If you ask The Gourmet owner Craig Rinkerman what a first-timer should order at his new restaurant in Towson’s Kenilworth Mall, he can’t limit himself to one or two items.
“Start with a nice craft cocktail or beer,” he says, “then move on to the Chesapeake fried green tomatoes topped with crabmeat and béarnaise sauce or the French onion soup with a roasted onion that lines the bowl…or maybe order the spicy Louisiana.” gumbo, then get some nachos or fresh seared tuna or one of our six fresh fishes.”
If Rinkerman sounds enthusiastic, that’s because he’s worked in hospitality for nearly 50 years, still rising early each day to do what he loves. And he now shares his passion with his family. His wife, Cristina, recently became the day manager at his other property, The Catonsville Gourmet, and his son, Mateo (pictured with his father), is his general manager in Kenilworth.
“I have no regrets other than being told I’ll be working weekends and holidays for the rest of my life,” says Rinkerman, “but at least I work with my family.”
Why did you decide to open a second spot in Towson?
When the property at Kenilworth was offered to us by [developers] Greenberg Gibbons, they said that they wanted a Baltimore-based family business—they didn’t want to do a chain or something commercial, and they thought of The Catonsville Gourmet. I originally wasn’t interested—you know, heavy is the head that wears the crown, and I didn’t need another project.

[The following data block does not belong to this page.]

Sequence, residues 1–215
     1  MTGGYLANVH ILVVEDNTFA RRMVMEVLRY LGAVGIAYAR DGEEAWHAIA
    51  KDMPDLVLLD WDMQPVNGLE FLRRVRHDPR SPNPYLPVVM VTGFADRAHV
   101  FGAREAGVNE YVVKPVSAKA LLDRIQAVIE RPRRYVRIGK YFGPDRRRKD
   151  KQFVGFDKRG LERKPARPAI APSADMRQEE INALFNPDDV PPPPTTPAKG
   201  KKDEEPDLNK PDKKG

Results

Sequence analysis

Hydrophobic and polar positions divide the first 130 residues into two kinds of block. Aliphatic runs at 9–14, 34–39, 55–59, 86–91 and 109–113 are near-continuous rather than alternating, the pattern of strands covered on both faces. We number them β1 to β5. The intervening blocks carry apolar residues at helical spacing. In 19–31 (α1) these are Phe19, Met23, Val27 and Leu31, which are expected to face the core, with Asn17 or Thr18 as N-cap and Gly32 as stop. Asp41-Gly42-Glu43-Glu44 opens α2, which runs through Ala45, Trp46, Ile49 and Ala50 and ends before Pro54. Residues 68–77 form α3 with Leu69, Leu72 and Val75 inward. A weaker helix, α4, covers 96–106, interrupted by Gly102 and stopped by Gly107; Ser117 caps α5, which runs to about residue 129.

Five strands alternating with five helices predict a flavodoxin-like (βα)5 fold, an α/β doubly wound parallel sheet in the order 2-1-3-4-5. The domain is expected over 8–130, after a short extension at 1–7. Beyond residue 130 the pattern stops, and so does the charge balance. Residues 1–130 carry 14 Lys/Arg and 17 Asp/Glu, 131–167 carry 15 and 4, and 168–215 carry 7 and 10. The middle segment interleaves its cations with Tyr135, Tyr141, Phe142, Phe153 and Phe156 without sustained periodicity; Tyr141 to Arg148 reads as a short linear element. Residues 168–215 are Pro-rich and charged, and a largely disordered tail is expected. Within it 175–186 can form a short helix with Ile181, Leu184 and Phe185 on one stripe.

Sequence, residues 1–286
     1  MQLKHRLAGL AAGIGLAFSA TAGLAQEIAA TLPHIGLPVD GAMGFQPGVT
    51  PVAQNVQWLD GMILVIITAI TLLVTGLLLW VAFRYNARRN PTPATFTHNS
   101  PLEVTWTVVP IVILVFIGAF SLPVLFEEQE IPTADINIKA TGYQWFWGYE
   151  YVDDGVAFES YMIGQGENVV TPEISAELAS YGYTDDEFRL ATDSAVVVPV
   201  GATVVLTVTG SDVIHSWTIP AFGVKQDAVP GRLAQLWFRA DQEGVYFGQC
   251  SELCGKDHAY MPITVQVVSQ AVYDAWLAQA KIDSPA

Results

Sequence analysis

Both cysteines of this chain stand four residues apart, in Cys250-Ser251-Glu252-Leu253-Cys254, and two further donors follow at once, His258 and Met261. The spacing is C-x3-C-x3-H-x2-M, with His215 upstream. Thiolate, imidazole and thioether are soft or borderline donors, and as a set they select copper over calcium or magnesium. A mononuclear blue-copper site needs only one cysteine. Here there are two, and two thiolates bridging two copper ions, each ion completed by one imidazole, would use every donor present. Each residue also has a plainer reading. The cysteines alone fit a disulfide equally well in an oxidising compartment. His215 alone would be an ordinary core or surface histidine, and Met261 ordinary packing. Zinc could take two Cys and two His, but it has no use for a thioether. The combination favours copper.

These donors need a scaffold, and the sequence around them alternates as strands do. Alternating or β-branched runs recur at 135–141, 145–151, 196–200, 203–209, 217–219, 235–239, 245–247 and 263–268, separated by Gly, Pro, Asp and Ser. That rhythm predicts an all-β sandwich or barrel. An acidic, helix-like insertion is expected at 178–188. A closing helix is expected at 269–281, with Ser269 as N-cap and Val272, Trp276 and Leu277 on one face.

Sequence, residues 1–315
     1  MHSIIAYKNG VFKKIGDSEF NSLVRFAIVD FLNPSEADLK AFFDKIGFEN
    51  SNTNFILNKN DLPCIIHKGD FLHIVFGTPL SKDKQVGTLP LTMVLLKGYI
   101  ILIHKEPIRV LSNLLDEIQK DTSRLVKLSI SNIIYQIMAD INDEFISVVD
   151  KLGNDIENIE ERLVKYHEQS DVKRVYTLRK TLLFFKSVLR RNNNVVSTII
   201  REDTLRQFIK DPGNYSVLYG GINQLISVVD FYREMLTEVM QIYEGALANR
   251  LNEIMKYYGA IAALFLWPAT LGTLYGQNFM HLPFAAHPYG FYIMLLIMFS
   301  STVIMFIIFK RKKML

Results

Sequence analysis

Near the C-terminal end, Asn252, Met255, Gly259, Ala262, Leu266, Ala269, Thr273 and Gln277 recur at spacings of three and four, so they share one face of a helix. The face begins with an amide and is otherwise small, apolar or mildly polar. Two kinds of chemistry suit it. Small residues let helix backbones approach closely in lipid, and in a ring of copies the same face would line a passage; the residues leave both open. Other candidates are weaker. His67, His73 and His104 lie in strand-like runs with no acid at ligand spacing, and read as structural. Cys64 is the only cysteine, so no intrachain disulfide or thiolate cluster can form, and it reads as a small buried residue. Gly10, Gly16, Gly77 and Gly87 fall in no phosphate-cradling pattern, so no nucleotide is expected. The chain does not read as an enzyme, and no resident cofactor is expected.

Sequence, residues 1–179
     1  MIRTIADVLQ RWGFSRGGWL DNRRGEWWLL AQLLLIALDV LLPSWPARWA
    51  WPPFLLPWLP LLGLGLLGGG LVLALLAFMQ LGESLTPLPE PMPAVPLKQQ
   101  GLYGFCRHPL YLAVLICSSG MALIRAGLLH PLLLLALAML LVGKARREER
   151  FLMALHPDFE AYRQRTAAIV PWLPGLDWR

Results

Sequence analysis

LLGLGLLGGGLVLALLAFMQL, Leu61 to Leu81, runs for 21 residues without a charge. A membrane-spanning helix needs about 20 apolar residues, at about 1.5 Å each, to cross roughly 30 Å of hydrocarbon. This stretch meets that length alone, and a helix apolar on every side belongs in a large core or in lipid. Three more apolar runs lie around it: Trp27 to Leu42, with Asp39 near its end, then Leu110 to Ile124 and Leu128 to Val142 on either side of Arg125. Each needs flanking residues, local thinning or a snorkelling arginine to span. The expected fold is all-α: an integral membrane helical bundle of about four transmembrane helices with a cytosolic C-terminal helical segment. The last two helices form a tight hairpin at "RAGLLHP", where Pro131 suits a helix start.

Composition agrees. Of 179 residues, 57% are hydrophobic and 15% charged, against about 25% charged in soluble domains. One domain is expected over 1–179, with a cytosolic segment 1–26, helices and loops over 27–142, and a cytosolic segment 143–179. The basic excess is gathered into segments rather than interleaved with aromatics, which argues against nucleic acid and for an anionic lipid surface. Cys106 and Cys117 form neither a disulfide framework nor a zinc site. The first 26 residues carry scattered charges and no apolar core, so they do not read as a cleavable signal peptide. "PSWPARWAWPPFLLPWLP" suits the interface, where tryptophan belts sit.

What made you change your mind?
I am surrounded by a lot of good people—I have a great chef, Rob Rehmert. My son, Mateo, is very active in the business, and my wife wanted to grow in the business after doing mortgages for many years. I figured that expanding was the right thing to do for all of us, something for everyone to participate in for the next 10 or so years.
Are there differences in the menus between the two locations?
It’s the same exact menu, with a few more house specialties that we made permanent at Kenilworth. We mirrored the menu because that’s our success. We also have a full lounge bar at Kenilworth and piano music on Friday and Saturday nights. We have a liquor license at Catonsville, but it’s more than a table service license to serve drinks and bottles of wine at the table.
How did you get your start in hospitality?
I got a job as a busboy at the Marquis de Lafayette in Cape May. I always admired what was going on in the kitchen. There was a European chef there, and he said to me, “Do you want to work in the kitchen, young man?” And I said, “Chef Paul, I’d love to—I want to learn how to make soup.” The first two or three weeks, all I did was mise en place and cut vegetables. I had calls on my hands from peeling potatoes, but he taught me the right way. I didn’t go to school for it, but I’m a trained chef.